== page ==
10. 10. UK News Article: Telegraph 1 Sept 2016 Asthma deaths reach highest level for decade Deaths from asthma have risen 21 per cent in a year to reach their highest figure in a decade, a charity has warned. Asthma UK said 1,468 people died from asthma attacks in the UK last year. The charity called for better implementation of digital health technology to help sufferers manage their illness. “The alarming increase in asthma deaths over the last decade is an urgent wake-up call to the Government to take action to improve standards of asthma care now,” said Kay Boycott, chief executive of Asthma UK.
  11. 11. DEVELOPING A GLOBAL SEVERE ASTHMA REGISTRY 15.05–15.50PM
  12. 12. EFPIA-EBE-VE Position on Patient Registries •  Background & Context: o  European Commission (EC) and European Medicines Agency (EMA) have supported initiatives to enhance the utility of registries. o  Recent completion of the PARENT JA, revision of Good Pharmacovigilance Practices Module VIII on PASS o  Guidance on the scientific aspects of PAES in draft o  Launch of EMA’s Patient Registries Initiative •  Principles: o  Timely to define a vision and principles regarding the development of the registry infrastructure and use of registry data to address research questions. o  There are other fundamental challenges to the successful conduct of all methods of real world evidence generation that need to be addressed.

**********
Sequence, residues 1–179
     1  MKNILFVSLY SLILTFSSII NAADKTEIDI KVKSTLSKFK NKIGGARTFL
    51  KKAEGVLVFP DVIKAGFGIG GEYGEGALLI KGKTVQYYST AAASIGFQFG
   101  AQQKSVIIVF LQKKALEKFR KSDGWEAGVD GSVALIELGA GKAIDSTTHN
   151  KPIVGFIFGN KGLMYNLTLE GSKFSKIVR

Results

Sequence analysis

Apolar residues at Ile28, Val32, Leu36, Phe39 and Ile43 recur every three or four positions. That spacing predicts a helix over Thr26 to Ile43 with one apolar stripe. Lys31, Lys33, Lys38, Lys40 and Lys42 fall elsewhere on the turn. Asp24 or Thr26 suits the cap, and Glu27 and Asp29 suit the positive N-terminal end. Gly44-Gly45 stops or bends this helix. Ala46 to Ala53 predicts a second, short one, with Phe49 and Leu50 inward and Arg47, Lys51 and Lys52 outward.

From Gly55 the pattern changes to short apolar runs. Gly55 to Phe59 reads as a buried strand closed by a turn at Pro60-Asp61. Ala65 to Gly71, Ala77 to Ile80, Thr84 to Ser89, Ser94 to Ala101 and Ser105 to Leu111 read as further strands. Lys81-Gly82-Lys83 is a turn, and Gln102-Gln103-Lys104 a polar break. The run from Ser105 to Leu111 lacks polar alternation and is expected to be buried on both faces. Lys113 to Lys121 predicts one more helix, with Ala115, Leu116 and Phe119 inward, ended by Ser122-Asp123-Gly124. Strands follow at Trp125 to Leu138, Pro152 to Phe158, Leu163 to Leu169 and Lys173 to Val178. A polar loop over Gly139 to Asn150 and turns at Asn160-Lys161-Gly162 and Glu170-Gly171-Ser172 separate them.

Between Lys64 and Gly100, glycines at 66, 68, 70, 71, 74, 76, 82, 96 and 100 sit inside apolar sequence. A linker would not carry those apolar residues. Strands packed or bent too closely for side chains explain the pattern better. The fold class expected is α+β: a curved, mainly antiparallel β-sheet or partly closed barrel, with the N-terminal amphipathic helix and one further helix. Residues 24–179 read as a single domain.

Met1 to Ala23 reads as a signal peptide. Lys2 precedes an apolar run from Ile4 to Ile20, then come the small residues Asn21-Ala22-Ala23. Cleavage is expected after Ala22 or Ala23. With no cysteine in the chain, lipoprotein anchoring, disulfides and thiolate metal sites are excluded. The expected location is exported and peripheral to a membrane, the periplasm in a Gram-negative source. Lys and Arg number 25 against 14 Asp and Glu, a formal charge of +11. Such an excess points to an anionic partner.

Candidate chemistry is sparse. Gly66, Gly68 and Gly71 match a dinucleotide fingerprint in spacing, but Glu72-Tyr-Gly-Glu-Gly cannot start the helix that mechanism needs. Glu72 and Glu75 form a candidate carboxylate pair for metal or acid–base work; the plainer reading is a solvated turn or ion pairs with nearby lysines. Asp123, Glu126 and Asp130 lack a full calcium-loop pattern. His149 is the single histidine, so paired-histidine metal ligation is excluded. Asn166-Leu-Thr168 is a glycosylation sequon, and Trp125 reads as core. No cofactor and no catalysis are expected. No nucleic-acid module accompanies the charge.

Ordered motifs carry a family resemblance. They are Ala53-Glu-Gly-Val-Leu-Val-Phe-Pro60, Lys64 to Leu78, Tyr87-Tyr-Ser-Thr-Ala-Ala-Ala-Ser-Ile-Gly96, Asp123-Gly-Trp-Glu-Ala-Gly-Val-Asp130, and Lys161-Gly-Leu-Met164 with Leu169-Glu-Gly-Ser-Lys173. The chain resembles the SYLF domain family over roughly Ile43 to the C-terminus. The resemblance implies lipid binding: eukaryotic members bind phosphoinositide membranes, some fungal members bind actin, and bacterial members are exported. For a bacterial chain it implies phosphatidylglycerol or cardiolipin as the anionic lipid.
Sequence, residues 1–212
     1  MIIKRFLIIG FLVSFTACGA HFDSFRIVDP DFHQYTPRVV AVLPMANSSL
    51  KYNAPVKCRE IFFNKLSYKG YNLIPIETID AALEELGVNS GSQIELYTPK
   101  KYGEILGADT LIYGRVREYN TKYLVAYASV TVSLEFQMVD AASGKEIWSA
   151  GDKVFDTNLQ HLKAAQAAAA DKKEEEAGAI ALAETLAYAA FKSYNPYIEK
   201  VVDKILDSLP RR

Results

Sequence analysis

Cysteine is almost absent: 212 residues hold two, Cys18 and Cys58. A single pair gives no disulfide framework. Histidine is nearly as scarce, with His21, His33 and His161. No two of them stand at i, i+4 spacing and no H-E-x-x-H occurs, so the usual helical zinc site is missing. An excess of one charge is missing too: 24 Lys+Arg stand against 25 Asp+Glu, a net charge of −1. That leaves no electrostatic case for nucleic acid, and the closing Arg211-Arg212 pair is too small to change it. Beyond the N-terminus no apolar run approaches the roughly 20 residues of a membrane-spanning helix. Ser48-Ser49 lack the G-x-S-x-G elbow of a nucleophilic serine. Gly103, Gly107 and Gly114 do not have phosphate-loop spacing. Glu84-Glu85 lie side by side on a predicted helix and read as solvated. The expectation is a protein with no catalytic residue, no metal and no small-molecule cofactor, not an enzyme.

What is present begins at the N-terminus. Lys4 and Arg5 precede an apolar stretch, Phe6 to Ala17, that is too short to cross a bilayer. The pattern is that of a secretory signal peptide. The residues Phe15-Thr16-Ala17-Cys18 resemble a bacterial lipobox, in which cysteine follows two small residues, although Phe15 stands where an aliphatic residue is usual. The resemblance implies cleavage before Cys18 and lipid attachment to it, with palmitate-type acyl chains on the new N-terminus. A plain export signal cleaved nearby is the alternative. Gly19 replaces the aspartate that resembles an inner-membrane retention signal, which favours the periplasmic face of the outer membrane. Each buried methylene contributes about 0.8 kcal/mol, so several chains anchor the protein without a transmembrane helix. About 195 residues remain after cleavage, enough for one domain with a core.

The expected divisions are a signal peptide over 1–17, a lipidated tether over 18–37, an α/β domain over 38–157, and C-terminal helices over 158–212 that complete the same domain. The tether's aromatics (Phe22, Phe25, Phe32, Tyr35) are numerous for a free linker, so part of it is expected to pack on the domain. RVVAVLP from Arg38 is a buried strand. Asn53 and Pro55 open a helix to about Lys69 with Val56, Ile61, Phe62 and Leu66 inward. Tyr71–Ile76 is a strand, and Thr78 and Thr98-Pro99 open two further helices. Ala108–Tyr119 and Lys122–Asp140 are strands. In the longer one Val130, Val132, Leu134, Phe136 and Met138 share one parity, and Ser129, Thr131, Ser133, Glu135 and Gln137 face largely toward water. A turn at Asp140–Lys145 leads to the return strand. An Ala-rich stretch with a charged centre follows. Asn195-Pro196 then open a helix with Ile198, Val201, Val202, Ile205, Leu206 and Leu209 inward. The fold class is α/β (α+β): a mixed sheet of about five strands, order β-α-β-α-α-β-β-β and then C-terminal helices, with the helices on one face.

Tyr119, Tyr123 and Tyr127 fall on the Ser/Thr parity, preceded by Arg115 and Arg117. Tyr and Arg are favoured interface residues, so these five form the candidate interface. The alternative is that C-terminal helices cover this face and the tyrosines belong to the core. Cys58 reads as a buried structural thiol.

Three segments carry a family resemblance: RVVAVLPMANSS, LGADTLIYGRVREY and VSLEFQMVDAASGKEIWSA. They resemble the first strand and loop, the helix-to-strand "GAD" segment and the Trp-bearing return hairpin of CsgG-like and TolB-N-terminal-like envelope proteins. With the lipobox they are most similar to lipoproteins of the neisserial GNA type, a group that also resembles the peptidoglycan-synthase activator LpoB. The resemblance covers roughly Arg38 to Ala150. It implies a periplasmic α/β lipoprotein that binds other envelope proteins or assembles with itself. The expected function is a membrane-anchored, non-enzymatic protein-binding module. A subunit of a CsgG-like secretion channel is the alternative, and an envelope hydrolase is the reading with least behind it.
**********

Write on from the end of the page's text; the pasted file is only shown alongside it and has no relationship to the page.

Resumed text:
13. 13. EFPIA-EBE-VE Position on Patient Registries: Vision (I) •  Patient registries should be maintained as a core part of the health information infrastructure: o  Supporting healthcare systems to deliver quality care o  Providing a high quality research platform for the life science sector •  Long-term registries and networks should be established for priority diseases independently of specific product approval and reimbursement processes. •  When new medicines are launched, these patient registries, linked through international networks, should be used to address outstanding research questions of Regulators, HTA bodies, Payers and Clinicians. •  Increasing consistency, quality and therefore confidence in the evidence derived from such registries and networks should lead to greater use of registries in support of innovative, adaptive pathways of drug development, assessment, managed entry and lifecycle monitoring of benefit and risk.